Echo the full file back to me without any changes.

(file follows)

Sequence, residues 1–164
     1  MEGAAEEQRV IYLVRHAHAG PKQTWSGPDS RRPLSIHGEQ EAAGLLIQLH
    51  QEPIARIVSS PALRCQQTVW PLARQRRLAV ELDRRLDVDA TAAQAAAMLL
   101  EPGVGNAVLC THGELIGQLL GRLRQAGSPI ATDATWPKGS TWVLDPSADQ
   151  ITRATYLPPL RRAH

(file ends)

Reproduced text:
Sequence, residues 1–164
     1  MEGAAEEQRV IYLVRHAHAG PKQTWSGPDS RRPLSIHGEQ EAAGLLIQLH
    51  QEPIARIVSS PALRCQQTVW PLARQRRLAV ELDRRLDVDA TAAQAAAMLL
   101  EPGVGNAVLC THGELIGQLL GRLRQAGSPI ATDATWPKGS TWVLDPSADQ
   151  ITRATYLPPL RRAH